In an important decision affecting Florida employers, on March 10, 2017, the Eleventh Circuit Court of Appeals decided that sexual orientation discrimination is not actionable under Title VII. Title VII is the federal law that protects employees from employment discrimination in the workplace, but it is not the only law. Florida state law, as well as local ordinances (city and county) also regulate employer conduct. Florida state law does not protect sexual orientation, but many cities and counties protect sexual orientation, therefore employer policies and practices should reflect and comply with all applicable regulations. When necessary, employers also should take care to cover sexual orientation as a protected category when providing antidiscrimination and antiharassment training to employees and their supervisors.
In the case of Evans v. Georgia Regional Hospital, the plaintiff was a security guard at the Georgia Regional Hospital. Her lawsuit was based on claims that she was discriminated against because of her sex and terminated for not carrying herself in a “traditionally womanly manner.” Ms. Evans was gay and alleged that she did not broadcast her sexuality; however, she clearly identified as a male and presented herself as male by wearing a male uniform, a male haircut, and men’s shoes. She claimed that she was terminated for gender non-conformity and retaliation after she complained to her employer about the alleged discrimination.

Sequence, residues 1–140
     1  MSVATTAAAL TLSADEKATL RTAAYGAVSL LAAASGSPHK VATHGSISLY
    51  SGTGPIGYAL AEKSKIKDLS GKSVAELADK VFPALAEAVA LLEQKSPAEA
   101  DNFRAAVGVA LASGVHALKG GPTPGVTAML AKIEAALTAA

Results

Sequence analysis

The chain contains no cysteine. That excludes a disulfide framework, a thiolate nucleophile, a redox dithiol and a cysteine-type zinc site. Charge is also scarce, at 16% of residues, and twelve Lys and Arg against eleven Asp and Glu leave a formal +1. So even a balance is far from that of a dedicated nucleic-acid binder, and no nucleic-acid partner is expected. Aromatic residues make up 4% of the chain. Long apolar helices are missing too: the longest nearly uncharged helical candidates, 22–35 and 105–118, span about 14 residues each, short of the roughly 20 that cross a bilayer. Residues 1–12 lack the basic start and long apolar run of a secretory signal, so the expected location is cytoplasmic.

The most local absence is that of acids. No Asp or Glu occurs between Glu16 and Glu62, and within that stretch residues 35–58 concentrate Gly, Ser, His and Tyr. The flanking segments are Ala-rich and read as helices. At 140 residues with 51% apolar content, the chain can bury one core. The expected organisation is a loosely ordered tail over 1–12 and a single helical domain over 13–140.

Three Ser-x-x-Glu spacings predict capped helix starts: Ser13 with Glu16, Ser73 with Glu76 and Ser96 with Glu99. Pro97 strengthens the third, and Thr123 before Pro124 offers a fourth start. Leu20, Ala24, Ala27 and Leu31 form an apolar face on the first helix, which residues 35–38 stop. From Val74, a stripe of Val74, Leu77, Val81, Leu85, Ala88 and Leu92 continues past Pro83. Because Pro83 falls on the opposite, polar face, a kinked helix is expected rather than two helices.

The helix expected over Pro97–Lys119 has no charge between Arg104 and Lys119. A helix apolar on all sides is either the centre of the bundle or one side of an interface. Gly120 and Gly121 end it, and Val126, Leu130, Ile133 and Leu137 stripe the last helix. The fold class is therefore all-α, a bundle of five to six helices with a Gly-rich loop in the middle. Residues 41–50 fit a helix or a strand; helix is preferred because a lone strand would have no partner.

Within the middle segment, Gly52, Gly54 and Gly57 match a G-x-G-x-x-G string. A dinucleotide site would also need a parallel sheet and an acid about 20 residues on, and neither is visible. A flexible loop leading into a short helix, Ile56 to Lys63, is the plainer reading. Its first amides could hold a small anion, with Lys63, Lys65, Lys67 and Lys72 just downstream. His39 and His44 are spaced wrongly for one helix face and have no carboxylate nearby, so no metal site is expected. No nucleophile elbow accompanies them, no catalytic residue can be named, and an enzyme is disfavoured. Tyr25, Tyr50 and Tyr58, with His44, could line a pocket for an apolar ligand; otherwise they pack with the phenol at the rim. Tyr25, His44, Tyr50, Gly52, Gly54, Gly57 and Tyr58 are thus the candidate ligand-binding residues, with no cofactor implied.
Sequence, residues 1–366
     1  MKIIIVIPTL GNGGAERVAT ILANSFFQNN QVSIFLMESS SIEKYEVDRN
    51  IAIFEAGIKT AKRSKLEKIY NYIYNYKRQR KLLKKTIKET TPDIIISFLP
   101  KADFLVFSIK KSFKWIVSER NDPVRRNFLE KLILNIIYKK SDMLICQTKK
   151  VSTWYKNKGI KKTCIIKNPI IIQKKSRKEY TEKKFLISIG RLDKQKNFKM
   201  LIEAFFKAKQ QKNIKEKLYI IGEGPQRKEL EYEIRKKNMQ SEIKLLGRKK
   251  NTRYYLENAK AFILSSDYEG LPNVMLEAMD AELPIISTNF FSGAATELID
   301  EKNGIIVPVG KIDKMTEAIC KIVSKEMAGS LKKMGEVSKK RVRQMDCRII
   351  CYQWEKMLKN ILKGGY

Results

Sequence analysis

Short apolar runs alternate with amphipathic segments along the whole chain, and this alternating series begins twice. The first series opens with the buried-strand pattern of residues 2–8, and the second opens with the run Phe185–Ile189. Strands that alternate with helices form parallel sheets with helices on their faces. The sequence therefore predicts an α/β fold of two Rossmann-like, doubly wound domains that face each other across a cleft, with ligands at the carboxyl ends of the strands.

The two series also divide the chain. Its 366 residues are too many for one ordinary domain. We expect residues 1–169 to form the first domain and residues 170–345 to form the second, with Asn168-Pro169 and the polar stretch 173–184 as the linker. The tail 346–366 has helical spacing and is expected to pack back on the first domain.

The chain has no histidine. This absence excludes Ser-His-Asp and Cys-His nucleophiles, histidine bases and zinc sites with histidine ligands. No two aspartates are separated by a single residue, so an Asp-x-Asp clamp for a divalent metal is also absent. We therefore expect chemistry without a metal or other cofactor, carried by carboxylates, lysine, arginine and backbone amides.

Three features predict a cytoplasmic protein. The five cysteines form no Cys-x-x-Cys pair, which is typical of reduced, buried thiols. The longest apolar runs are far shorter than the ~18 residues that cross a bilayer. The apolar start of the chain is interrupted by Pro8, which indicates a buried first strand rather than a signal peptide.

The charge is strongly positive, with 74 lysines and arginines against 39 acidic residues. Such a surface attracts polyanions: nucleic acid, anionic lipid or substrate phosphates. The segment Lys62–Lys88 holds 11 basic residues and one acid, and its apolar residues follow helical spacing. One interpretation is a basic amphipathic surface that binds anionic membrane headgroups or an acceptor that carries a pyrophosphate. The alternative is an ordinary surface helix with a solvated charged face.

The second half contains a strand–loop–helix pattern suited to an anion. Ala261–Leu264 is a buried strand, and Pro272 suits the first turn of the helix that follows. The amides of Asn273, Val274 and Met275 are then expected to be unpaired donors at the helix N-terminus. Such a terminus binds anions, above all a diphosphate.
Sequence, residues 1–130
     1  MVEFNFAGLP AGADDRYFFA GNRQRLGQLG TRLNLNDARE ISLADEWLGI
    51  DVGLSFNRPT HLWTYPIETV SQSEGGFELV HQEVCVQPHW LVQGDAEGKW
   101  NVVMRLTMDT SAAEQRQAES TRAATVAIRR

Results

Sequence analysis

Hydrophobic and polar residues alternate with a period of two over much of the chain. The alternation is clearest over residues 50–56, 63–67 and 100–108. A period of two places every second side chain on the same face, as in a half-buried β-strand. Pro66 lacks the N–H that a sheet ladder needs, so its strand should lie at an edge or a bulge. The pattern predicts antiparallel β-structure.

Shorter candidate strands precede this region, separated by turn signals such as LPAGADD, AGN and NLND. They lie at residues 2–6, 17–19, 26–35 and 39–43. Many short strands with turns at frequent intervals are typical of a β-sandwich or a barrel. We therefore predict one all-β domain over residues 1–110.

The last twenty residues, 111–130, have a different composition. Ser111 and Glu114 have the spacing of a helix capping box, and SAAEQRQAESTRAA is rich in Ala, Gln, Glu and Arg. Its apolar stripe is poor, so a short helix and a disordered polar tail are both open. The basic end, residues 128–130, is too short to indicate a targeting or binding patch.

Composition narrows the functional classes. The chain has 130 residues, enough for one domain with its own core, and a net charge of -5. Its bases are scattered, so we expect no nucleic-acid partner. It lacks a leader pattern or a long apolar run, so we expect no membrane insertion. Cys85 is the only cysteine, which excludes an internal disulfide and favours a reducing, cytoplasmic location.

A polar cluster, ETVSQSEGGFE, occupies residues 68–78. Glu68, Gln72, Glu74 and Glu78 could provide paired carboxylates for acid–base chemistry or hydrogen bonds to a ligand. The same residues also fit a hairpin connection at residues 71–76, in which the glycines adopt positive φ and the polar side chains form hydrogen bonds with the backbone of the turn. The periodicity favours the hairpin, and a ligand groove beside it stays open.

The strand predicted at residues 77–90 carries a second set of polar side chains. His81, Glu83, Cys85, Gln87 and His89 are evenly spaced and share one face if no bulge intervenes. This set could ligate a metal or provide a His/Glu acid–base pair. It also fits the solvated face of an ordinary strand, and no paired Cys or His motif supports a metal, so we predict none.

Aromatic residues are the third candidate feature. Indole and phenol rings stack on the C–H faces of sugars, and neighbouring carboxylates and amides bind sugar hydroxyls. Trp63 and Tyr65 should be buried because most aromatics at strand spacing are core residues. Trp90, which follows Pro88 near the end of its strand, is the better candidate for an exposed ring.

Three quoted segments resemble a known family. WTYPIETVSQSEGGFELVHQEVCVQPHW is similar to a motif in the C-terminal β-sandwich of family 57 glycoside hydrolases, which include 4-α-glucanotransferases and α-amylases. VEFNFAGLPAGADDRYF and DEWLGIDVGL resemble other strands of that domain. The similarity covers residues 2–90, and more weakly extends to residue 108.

While the appellate court found that discrimination based on gender non-conformity is actionable, it held that prior precedent mandated that sexual orientation discrimination is not recognized under Title VII. It concluded that the majority of other circuits have held that sexual orientation discrimination is not actionable under Title VII. However, on April 4, the Seventh Circuit issued a groundbreaking decision that discrimination on the basis of sexual orientation is a form of sex discrimination prohibited under Title VII of the Civil Rights Act of 1964. This sets up a future decision by the U.S. Supreme Court on this subject.
Under the Obama Administration, the EEOC has taken the position that all complaints of discrimination on the basis of sexual orientation are sex discrimination claims under Title VII, at least for claims against the federal government.
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